I had the opportunity to experience one of Keith’s networking parties firsthand and the anchor guest that night was the legendary author Gore Vidal.  Providing the entertainment was America’s oldest collegiate a capella group, the Whiffenpoofs of Yale.  Clearly, not all of us will be able to get Gore Vidal and the Whiffenpoofs at our networking party, but I’m guessing that Keith didn’t have them at his first party either.  However, the strategy is sound and I encourage you to try out the concept as a way of building your visibility in the community.  Keith has paid close attention to how a meal can most appropriately be leveraged for a business networking opportunity; the primary focus should always be on developing the relationship–learning about each other, helping one another with problems, and giving ourselves.

I invite you to visit KeithFerrazzi.com to learn more about Keith, and I highly encourage you to check out his content on networking–it’s absolutely fantastic!

A Little Good Advice Can Go a Long Waystring(38) "A Little Good Advice Can Go a Long Way"

AdviceHorn

Photo Courtesy of Stuart Miles at FreeDigitalPhotos.net

It’s no secret that we all want to do business with people whom we know and trust.  So, how do you build rapport and create trust with new contacts at networking events?  By offering value-added advice–solid, helpful information provided out of a genuine concern for another person.

Let’s say you’re a real estate agent talking with someone at a networking event who, although not ready to buy a home today, is heading in that direction.  You could say something like this:

Well, I know you’re not interested in buying a home right now.  But, when you’re ready to start looking, I highly recommend checking out the north part of town.  A lot of my clients are seeing their homes appreciate in the 10 to 20 percent range, and from what I understand, the city is thinking about building another middle school in that area.

See how it’s possible to offer some value-added advice without being too salesy?  A statement like this acknowledges that your prospect is not currently in the market (first sentence) but still demonstrates your expertise, so he will remember you when he’s ready to move.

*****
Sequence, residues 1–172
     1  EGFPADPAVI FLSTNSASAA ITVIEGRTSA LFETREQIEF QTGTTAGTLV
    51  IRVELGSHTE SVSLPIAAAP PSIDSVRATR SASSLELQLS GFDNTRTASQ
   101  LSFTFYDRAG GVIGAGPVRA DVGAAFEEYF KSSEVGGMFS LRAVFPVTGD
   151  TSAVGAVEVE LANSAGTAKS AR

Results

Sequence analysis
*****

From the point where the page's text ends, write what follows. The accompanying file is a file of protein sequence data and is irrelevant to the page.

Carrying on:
This model works for consultants, CPAs, accountants, financial planners, coaches–just about anyone in a service-based industry in which knowledge is the main product. If you’re concerned about giving away your intellectual capital for free, look at it this way: few people are going to sign up to do business with you if they’re not sure you can do the job.  In the absence of a tangible product, you have nothing but your technical expertise to demonstrate that you have the goods.  And when you think about it, that makes sense.  Whenever you’re ready to buy an automobile, it doesn’t matter how much research you’ve done on a particular model, you’re probably not going to write your check until you’ve taken the car for a test drive.

The same is true for your prospects.  Give them a little test drive to show how it would feel to do business with you. If you’re a marketing consultant, give them a couple of ideas on how they can increase the exposure of their business.  Don’t go overboard; maybe offer a technique you read in a magazine or tried with one of your clients.  Just give them something they can try on to see if it works.

Not only will this open up a good conversation with new contacts while you’re out networking, if you play your cards right, whom do you think they’ll go to when they’re in need of your kind of service?  When it comes to building rapport and creating trust, nothing does it better than offering value-added advice.

Are You Walking the Talk in Your Business?string(42) "Are You Walking the Talk in Your Business?"

I recently saw someone’s Twitter update telling me all about how his vitamin line will not only make me skinny and healthy, but will also make me wealthy. While there is nothing objectionable about any of these outcomes, the jarring reality is that the man promoting this wonderful opportunity is neither skinny, nor healthy, and he had just been posting updates about how he was desperately trying to dig himself out of debt!

Do you see the disconnect here? I’m sure you have seen people at networking meetings and events who will stand, introduce themselves, and deliver a promise-filled monologue about how their product or service will bring you all kinds of things which they themselves obviously do not have the benefit of enjoying.

Photo courtesy of marin at FreeDigitalPhotos.net

Photo courtesy of marin at FreeDigitalPhotos.net